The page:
Why Writing Skills Are So Important For Our Children

Kids don't write very well anymore.  They just don't.

Scores have plummeted around the country and some new figures out of a standardized test in Florida is distressing to say the least.

Preliminary numbers released this week show that only 27% of 4th graders earned a passing score on a standardized writing test. A year ago more than 80% passed!

What is going on here?

The first guess of many is that the standards have gotten too high.

Re-read that line a few more time.

Standards have gotten too high.

Too high?? Compared to WHAT??

The embarrassingly LOW standards our kids have had put on them for years now?

As high as the standards allegedly are today, they are still a joke compared to where they were years ago.

Kids DON'T write very well.

And that should scare all of us.

Writing is a HUGE part of how we communicate everyday with each other.

If we don't become good writers, we compromise our ability to get along with each other.

And that isn't good anyway you look at it.

I'm old fashioned and blame the TEXTING OBSESSION for a lot of this decline in writing skills.

It's become a true addiction for many, especially the young who crank out hundreds if not thousands of texts every week.

If they were texting Shakespeare or new vocabulary words I guess I wouldn't be as critical.

Ok, I'd settle for a coherent and complete thought.

LOL and BRB and L8ER aren't enriching our ability to communicate through writing.

Kids are definitely fast at texting. But speed isn't everything.

It's the CONTENT we should be worried about.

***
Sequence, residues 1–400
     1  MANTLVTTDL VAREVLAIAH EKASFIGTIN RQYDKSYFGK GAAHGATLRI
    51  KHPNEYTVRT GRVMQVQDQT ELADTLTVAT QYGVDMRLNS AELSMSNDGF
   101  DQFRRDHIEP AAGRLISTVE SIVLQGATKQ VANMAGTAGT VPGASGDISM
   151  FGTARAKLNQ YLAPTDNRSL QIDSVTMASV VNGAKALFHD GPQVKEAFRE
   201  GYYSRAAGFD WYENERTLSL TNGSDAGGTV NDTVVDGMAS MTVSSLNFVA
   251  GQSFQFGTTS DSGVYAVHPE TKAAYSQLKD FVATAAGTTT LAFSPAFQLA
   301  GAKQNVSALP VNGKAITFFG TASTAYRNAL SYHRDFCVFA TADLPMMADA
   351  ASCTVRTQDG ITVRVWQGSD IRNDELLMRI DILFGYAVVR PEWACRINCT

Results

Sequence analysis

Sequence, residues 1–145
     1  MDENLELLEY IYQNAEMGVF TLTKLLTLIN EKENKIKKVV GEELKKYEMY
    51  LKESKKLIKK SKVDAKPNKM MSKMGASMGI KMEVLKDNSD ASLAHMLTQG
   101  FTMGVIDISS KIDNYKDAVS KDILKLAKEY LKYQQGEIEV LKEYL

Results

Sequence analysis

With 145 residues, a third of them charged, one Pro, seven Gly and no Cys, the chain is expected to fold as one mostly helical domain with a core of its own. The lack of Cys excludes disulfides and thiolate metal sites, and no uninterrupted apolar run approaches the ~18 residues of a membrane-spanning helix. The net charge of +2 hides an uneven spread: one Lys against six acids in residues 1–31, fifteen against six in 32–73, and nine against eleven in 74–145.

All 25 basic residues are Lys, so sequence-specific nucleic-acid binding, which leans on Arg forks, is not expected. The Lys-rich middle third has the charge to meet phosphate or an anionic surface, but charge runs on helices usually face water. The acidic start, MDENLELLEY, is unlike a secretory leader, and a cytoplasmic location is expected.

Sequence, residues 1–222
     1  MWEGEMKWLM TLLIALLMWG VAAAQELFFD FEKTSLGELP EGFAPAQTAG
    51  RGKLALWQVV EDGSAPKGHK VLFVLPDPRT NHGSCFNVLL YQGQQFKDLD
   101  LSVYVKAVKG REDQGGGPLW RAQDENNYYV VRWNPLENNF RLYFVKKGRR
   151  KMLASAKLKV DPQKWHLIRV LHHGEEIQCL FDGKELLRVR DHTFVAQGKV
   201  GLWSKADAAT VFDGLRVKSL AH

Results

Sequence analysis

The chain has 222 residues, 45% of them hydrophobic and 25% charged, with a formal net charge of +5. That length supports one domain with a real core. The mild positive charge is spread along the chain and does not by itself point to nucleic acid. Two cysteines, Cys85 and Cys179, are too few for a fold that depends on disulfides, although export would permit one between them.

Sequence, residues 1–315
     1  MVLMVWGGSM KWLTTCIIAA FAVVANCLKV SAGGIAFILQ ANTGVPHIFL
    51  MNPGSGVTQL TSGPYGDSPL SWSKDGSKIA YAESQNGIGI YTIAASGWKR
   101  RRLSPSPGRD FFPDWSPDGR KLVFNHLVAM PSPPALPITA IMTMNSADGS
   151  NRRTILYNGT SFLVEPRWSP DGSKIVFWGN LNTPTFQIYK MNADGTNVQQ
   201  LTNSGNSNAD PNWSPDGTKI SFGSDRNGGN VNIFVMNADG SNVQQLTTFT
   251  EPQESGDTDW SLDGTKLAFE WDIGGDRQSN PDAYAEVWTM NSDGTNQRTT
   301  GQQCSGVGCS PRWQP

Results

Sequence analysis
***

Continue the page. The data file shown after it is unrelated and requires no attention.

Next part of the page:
What good is a communication method that cheapens the richness of vocabulary and our ability to speak and write well?

That's why I think "YO" and a knuckle greeting are inferior or "HELLO" and a firm handshake.

I think picking up the phone and SPEAKING with another human being is preferable to a "What up?" via text message.

What fascinates me the most is that in the age of global communication, an age where we can Tweet and text and Facebook and whatever else we are doing at lightning speeds, we are really not advancing in the QUALITY of our communications.

Kids can't even look their own friends in the eye and string together thoughts when speaking to each other. Because everything is a text message these days.

Big problem is they are not learning CRITICAL communication skills.

How will texting skills help them when they are having to work a room full of strangers and network? How will it help them interview for a job? How will it help their professional, personal, and even romantic relationships?

I know times have changed. I just don't always agree it's for the better. Or something we need to accept as just the way things are.

Something was lost when we stopped writing letters. Could it be argued that a string of gibberish texts are the equivalent of a well thought out letter to a friend or loved one or business partner?

We don't even WRITE letters anymore. Sure, we have e-mail. And it's cool to be able to transmit a message INSTANTLY. But still, much is lost I think.

So we've replaced writing with exercising our thumbs and texting 20,000 times a day like obsessed and addicted users. We've dumbed down literally every way we have to communicate with each other.

And kids are reading JUNK instead of the classics. I am SHOCKED that kids never seem to be opening up the core classics that have been time tested material.

This doesn't help their writing skills either.

Why? Because what we READ directly can affect how we WRITE.

There's a reason why most authors will tell you that in order to improve your writing skills, you would do yourself (and your readers) a service by READING more.

So in an age where everything has been dumbed down, maybe it isn't so shocking that kids can't write very well.

But it IS sad.

Writing is a skill that you CANNOT afford to put by the wayside.

We tell our kids everyday that the more you read and the better you write, the more successful you can potentially become.

Simple truths that used to be instilled in us at a young age.

Hopefully they will be again one day.